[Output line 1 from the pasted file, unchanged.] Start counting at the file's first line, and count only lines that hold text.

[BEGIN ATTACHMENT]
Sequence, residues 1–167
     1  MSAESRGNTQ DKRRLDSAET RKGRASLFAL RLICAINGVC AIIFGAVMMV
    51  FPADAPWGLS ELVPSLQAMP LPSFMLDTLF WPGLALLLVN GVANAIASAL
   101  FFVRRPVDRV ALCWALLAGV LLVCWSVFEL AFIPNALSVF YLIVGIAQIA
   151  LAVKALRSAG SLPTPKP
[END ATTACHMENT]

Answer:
Sequence, residues 1–167